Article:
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‘E-cigs’ research: It is not cancer we should be worried about




By Lee Thomas

THE RISK of e-cigarettes has been the subject of public debate around health since their development, but scientists this week have carried out research that show electronic cigarettes could be no better for our health than normal cigarettes.

The research study, which was published in the Journal of Oral Oncology, has claimed to show that during lab tests the vapour from the electronic vaporisers may cause damage to human cells.

The new research came after David Cameron and other UK public health officials supported the use of ‘e-cigarettes’ (vapourisers) to help people quit smoking.  Cameron told the House of Commons this month that he believed they were “a very legitimate” way of improving health, after a report from Public Health England stated vaping causes 95% less harm than smoking tobacco.

The Herald met with Professor Paul Lewis, who heads the Respiratory Diagnostics Group at the Medical School in Swansea University.  Professor Lewis, who has lived in Llanelli all of his life, told the Herald that he agrees that further research is required into the potential harmful effects of e-cigarettes.

He explained: “There’s few experts who doubt that smoking e-cigarettes is much less risky than smoking regular cigarettes. This is particularly the case for lung cancer. Most of the carcinogens, the chemicals that cause cancer, present in regular cigarette smoke are not found in the vapour of e-cigarettes.”

Whilst the vapour does not produce the chemicals that cause cancer, new studies like this recent one are appearing which suggest the negative effects that some vapourisers may cause, including damage that may lead to other very life threatening diseases.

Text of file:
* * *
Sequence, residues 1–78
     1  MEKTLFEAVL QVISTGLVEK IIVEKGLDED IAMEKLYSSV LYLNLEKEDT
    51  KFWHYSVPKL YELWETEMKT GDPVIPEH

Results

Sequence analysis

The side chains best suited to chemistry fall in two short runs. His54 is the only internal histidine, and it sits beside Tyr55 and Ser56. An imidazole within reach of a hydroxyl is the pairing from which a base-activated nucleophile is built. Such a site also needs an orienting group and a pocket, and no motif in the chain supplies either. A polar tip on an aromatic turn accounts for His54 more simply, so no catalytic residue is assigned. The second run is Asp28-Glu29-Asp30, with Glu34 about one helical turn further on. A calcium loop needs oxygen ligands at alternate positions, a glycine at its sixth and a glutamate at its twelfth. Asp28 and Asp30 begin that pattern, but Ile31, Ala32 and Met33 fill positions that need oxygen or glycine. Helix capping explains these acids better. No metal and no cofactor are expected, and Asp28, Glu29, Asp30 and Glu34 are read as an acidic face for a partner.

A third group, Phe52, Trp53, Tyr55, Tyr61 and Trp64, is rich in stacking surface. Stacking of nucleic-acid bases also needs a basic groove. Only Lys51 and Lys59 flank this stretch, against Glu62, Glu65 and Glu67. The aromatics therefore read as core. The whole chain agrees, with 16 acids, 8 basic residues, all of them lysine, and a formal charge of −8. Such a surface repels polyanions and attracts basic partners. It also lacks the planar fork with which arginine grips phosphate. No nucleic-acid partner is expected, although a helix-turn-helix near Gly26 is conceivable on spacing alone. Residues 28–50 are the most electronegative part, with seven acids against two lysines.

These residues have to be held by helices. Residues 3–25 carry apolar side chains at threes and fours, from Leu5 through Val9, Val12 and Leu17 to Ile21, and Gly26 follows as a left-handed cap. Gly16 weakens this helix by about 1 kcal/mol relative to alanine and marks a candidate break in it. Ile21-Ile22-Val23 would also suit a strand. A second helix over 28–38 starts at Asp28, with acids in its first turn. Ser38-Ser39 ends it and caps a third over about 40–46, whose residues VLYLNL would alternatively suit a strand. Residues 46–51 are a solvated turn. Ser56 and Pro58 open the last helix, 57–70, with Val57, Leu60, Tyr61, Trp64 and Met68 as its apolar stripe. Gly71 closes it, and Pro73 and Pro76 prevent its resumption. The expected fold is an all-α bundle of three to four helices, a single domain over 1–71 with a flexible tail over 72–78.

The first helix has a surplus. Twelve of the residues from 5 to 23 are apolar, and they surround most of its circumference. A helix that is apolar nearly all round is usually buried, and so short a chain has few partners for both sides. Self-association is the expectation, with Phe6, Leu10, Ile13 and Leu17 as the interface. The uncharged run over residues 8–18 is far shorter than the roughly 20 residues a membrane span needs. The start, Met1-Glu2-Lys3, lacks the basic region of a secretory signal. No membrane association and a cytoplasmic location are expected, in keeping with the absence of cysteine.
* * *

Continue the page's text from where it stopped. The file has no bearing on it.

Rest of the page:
Professor Lewis highlighted to the Herald that it is not just cancer we should be concerned with here.  He continued: “We are starting to see increasing concerns in the scientific community about the safety of e-cigarettes. The main concern is that we don’t know if smoking e-cigarettes causes other respiratory diseases, particularly chronic obstructive pulmonary disease (COPD). In the UK alone, COPD kills over 25,000 people annually and the cost to the NHS to treat patients is now about £1 billion per year.”

With tobacco remaining one of the greatest public health hazards, it is clear that e-cigarettes have been very successful in helping smokers quit smoking normal cigarettes, and helping lower the risk of cancer especially in recent years.

Professor Lewis explained: “Although there are great benefits of smoking e-cigarettes to reduce the risk of cancer, we still need to know any association with these other life changing and very costly diseases.”

Around 240 new flavours of e-liquids and 10 new brands are introduced each month, and as we see a range of new ‘fun’ and ‘appealing’ flavours such as ‘bubble gum’ and ‘fruit punch’ hitting the market, we don’t know the extent of the damage the different chemicals in these new e-liquids will cause once they are vaporised.

With new products constantly being available to the public, the public must be weary that a lot of these products have not been tested and regulated indefinitely, and although the risk of cancer is lost when smoking e-cigarettes, the lungs may fall harm to other very serious diseases.

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Further childcare hub opening in Llanelli




AN additional childcare hub has opened in Llanelli this week (w/c Monday, May 25) due to increasing demand to provide care for children of critical workers and vulnerable children.

It will be located at Ysgol Ffwrnes in Llanelli and follows the opening of an extra three hubs at Bryn Primary School in Llanelli, Model Primary School in Carmarthen and Ysgol Tycroes.

It is important that numbers are kept low at the hubs to ensure the health and safety of both the children and staff.

Parents are being reminded to keep their children at home where possible to help contain the spread of coronavirus (Covid-19). However, if you are a critical worker, and your child cannot stay at home, then your childcare will be prioritised.

Parents should only apply for childcare to cover their working hours; and are also being reminded to please cancel as soon as possible if they no longer need the provision.